Tag Archives: caregiver burnout

Alzheimer’s Friendship

lunch.jpg

 

 

 

 

 

 

Last week I had lunch with a new friend.

A month or so earlier I received an email from E responding to a post. She mentioned that we once met at a support group meeting run by the Emory Brain Center. I didn’t recognize E’s name so wasn’t sure who she was; because of the distance involved, I attend the support group infrequently at best and haven’t been back for ages.

But as soon as I saw E in person, I remembered her. I remembered sitting across the conference table from an attractive woman whose name I didn’t catch and thinking  she is really angry—angry and exhausted—and what’s more, she’s willing to admit it! She had recently convinced her husband to downsize their home, only to realize in the selling, packing and moving that her husband was more incapacitated than she’d realized. Scrunched down in my seat, listening to E talk so honestly, I recognized that I was not facing my own complicated mix of anger, stress and protectiveness toward Ralph. E’s directness and her honesty were a truly liberating epiphany.

Now here we were over a year later, sitting in a café catching up, and as E said, it was “like looking in a mirror.” Our husbands had different careers but in many ways we shared similar lives before they were diagnosed with Mild Cognitive Impairment within months of each other and began seeing the same neurologist at the Emory Brain Center. Now both men are enrolled in the same Merck study I have written about . They both are devoted to their dog. And E and I are both…. Well, we are that same complicated mix of stress and protectiveness.

As E and I sat and talked over our salads last week One of us would begin a sentence and the other would be able it finish it. We didn’t have to sugarcoat, we didn’t have to explain. The words poured out. Being with E was so relaxing.

We lingered and lingered and then we went back to E’s house and talked some more. I drove away almost giddy with excitement, the way I felt at ten or eighteen when I met a new friend.

When Ralph was first diagnosed, one of the vows I made to myself was that I was going to maintain my life, that I would keep my friendships. And I have. In fact I have a larger circle of friends and more active social life than I used to. I have worked at building a network, professional writer friends, volunteer organization friends, political friends, literary friends, movie going friends, fun and conversation friends, family friends.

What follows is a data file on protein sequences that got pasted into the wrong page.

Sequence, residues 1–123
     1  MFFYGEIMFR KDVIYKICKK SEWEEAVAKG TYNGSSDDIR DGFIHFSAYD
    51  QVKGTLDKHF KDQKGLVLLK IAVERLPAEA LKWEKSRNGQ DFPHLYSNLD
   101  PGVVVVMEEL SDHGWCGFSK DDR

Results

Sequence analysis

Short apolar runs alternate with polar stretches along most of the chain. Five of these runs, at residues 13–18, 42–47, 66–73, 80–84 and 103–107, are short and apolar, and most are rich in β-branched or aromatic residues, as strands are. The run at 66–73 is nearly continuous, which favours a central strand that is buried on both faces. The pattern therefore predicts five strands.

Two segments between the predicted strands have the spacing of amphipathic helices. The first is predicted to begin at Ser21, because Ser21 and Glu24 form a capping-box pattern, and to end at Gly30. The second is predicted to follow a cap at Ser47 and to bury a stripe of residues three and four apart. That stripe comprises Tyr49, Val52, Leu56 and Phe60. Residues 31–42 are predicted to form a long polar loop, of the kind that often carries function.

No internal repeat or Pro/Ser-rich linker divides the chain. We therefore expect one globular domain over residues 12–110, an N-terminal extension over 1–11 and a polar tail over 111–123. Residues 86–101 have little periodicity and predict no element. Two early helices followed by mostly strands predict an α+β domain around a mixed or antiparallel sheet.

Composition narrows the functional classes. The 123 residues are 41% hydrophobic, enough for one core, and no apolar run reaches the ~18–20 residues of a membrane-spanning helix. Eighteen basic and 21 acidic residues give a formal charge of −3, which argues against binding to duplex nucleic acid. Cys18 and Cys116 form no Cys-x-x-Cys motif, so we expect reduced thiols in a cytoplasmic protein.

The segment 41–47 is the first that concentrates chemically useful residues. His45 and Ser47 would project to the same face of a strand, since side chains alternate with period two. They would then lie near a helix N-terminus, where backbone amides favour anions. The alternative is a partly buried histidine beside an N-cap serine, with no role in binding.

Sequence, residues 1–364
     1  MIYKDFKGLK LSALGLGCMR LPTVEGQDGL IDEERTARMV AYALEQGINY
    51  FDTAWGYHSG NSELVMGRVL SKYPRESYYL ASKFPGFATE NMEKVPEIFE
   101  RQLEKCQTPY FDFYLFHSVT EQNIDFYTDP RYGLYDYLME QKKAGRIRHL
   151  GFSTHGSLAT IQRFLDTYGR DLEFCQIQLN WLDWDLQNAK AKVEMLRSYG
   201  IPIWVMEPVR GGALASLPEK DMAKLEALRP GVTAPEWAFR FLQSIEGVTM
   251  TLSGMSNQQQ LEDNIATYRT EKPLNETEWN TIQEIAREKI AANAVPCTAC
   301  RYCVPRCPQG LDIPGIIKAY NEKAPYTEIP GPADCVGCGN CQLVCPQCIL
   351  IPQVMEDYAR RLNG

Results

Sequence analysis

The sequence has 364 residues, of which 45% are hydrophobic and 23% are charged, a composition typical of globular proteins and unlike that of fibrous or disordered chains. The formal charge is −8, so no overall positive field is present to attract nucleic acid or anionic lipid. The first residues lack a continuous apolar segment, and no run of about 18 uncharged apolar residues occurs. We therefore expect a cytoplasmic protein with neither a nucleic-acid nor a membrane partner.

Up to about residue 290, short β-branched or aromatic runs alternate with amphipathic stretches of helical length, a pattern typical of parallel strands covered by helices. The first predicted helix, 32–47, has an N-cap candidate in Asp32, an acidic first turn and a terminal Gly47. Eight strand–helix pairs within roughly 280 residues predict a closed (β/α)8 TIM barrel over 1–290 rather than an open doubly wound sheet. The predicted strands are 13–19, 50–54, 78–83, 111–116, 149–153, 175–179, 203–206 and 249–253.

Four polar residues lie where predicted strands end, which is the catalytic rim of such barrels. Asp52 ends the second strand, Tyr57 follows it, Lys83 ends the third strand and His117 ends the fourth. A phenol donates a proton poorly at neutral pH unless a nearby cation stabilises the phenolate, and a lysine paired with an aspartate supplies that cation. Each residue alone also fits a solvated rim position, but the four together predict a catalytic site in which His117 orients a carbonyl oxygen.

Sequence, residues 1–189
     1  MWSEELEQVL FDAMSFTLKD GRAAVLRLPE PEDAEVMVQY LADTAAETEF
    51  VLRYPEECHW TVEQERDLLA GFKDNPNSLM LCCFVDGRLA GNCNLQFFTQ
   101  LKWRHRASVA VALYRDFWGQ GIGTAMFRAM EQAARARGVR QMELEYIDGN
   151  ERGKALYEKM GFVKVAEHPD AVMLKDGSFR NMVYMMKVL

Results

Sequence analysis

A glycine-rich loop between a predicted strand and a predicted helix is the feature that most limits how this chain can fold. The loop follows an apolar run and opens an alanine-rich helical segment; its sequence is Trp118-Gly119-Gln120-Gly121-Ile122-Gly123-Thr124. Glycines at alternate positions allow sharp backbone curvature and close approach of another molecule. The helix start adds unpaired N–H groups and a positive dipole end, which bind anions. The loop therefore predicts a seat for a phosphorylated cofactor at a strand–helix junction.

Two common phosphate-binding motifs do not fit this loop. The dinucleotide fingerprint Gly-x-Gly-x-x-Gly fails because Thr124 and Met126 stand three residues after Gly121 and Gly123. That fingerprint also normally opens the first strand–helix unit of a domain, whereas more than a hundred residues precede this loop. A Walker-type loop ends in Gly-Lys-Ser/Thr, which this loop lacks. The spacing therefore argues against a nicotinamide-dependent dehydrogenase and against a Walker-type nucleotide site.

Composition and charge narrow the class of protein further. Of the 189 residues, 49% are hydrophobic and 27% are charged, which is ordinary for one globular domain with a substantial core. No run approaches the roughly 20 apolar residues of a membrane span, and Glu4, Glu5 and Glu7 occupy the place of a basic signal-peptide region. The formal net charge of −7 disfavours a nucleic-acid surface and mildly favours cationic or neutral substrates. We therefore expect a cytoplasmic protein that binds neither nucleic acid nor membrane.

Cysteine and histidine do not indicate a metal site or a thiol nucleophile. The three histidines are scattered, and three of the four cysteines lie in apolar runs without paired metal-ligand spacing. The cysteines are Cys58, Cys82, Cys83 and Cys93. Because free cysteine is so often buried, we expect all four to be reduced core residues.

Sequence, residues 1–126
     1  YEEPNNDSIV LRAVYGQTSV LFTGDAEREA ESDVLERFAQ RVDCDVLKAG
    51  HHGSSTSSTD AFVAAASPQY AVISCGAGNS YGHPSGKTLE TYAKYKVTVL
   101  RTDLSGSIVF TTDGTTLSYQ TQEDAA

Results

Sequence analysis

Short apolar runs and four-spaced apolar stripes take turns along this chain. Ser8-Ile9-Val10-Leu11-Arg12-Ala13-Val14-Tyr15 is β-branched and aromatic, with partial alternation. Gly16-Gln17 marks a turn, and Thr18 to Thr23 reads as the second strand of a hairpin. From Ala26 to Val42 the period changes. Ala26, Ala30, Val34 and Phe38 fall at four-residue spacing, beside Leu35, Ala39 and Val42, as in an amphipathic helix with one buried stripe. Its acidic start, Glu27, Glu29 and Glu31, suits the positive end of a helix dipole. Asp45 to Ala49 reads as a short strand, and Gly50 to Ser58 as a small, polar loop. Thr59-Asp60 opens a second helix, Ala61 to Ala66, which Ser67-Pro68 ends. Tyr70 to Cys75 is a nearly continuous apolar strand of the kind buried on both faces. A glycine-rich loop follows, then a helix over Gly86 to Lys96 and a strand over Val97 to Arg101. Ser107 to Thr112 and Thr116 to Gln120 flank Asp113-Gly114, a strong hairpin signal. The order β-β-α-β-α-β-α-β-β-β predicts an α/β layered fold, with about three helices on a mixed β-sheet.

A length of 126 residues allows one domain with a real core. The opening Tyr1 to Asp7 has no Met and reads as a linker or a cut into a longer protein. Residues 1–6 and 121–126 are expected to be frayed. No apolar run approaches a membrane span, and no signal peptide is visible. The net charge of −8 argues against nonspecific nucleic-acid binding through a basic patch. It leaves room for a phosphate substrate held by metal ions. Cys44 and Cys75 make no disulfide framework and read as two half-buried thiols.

And online friends through the Memoryland community—and it feels to me like a community—along with other caregiver/caregivee blog communities.

Now I have an actual Alzheimer’s friend.

Ms. Grinch, The Caregiver (i.e. Me)

5be280882a292b0707916c68a16ad8f3.jpg

This Christmas season I am definitely feeling like Ms. Grinch. Maybe it’s the increased sugar intake, maybe it’s the extra running around and social organizing, maybe it’s the gray weather, or maybe it’s not Christmas at all, just the wearing down of my patience over the last twelve months, but Ralph has been “getting on my last nerve.” And that nerve is shredding fast.

As I have said here so many times, this caregiving business has its ups and downs. Well I have definitely been in a definite crevice lately and having more trouble than usual crawling out. Or admitting I was stuck at all until this morning when I found myself texting my sister that I was feeling overwhelmed, the kind of admission I generally avoid. She responded sympathetically asking what was wrong; I wrote back “Nothing wrong exactly. Just day-to-day stuff. Everything slower and more complicated. Trying to adjust to reality of how Ralph’s limitations impact.”

As soon as I hit send I realized what I had typed was an acknowledgement of certain obvious but previously unstated realities:

1) I trip myself up with unreasonable expectations. Intellectually I know that Ralph is limited, but in the face of reality, I keep expecting him to step up to the plate. While occasionally, he does step up, like getting Zeus to the vet last week, usually he can’t. I know that’s not his fault, yet I still get annoyed.

2) Annoyance and its sister resentment are  only part of what I am feeling. Before that text Ralph and I had spent hours writing an email responding to someone asking Ralph for real estate advice. Actually I could have/would have given the same advice, but she trusts Ralph’s advice more because he’s always been the expert. And his instincts and perspective remain sharp. But he cannot hold onto a thought long enough to give advice. So I constructed the email letter by asking him the same questions over and over, fine tuning as I posed the same question in different ways. We actually worked well together because we both acknowledged without rancor Ralph’s memory issue. That our final product was a clear, concise and useful analysis should have left us both with feeling a great sense of accomplishment, satisfaction and even pleasure. Ralph was pleased, BUT I WAS EXHAUSTED. And recognizing that the effort exhausted him at least as much didn’t lesson mine—he napped much of the afternoon—as I rushed around carrying out the various commitments and responsibilities everyone juggles in a day.

Obviously lots of people have more responsibilities, especially professionally, than I do at the moment. But I am finding that the effort that goes into making up for his limitations so he can live as full a life as possible…well it’s frankly a drag. Literally, because

3) Ralph’s limitations have been dragging me down and wearing me out. I wake up most morning tired. Worse, I let myself fall into Ralph’s low octane rhythm. My energy has dropped with his but unlike him I have stuff to do, the vestiges of a business to run, his life to run, my life to run, along with various other obligations in our family and community.